Ear infection: Management measures

An ear infection is a common ailment that can affect both children and adults. There are different types of ear infections that you should be familiar with. Each type is generally managed in the same manner but it depends on the type of infection.

Close look on different forms of ear infections

Otitis externa

This type of infection or inflammation involves the ear canal between the eardrum and outer ear. It can be caused by contact with dirty water or from mechanical impairment from extensive cleaning. The agent responsible can be bacterial or fungal.

Treatment

  • Professional cleaning of the ear canal
  • Pain medications
    Ear infection

    There are different types of ear infections that you should be familiar with. Each type is generally managed in the same manner but it depends on the type of infection.

  • Steroid or antibiotic eardrops if bacterial in nature
  • Oral antibiotics
  • Make sure that the ears are dry

Otitis media

This is infection of the middle ear that can be acute or chronic. Children are at risk for the acute type due to common cold and blocked Eustachian tubes. The culprit might be a virus or bacteria.

In some cases, the eardrum might rupture which allow drainage in the ear canal, but it eventually heals on its own. The usual treatment options include:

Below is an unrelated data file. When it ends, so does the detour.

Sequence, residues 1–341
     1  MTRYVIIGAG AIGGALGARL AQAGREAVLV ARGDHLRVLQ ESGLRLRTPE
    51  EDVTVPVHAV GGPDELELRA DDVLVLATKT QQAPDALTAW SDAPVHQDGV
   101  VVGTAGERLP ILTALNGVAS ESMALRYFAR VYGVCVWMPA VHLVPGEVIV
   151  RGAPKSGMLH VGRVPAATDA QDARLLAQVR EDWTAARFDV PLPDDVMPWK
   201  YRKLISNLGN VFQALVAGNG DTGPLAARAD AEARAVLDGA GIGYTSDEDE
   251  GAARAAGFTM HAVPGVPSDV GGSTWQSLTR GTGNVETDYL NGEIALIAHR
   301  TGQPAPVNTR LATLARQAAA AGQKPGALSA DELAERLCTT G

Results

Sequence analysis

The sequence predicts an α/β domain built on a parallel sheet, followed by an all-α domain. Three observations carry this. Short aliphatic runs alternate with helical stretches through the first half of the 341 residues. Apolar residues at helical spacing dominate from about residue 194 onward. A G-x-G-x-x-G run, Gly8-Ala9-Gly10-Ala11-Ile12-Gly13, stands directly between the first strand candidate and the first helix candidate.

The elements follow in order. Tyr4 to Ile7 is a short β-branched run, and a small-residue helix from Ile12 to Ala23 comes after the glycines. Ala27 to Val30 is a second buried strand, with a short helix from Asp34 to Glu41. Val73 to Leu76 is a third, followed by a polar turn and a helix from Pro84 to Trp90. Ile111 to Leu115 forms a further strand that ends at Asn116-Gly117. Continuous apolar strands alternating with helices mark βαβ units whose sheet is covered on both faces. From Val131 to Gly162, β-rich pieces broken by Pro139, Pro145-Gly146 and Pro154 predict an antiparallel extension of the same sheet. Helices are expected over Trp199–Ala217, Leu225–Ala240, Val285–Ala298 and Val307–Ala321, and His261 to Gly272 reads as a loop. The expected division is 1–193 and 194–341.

• Pain medications
  • Eardrops if there is pus in the ear canal
  • Antibiotics if due to bacteria

Serous otitis media

This type of ear infection is also called glue ear that affects children between 6 months up to 2 years old. It usually develops after a middle ear infection and involves the accumulation of fluid and pus inside the middle ear.

In most cases, the treatment involves antibiotics. In case antibiotics are not effective or the child suffers from repeated episodes of glue ear, surgery that involves insertion of small drainage tubes are required.

Infectious myringitis

Infectious myringitis involves inflammation of the eardrum triggered by infection from either virus or bacteria. The eardrop reacts by forming small-sized blisters that can cause intense pain. In case fever is present, bacteria are usually the cause.

The treatment options usually include the following:

  • Pain medications
  • Antibiotics
  • Professional care that involves breaking the blisters

Acute mastoiditis

The mastoid is the bone that is felt immediately at the back of the ear. Acute mastoiditis involves infection of this bone, usually from a previous case of acute otitis media. The indications include swollen and reddened skin over the mastoid along with fever, intense pain and drainage from the ear.

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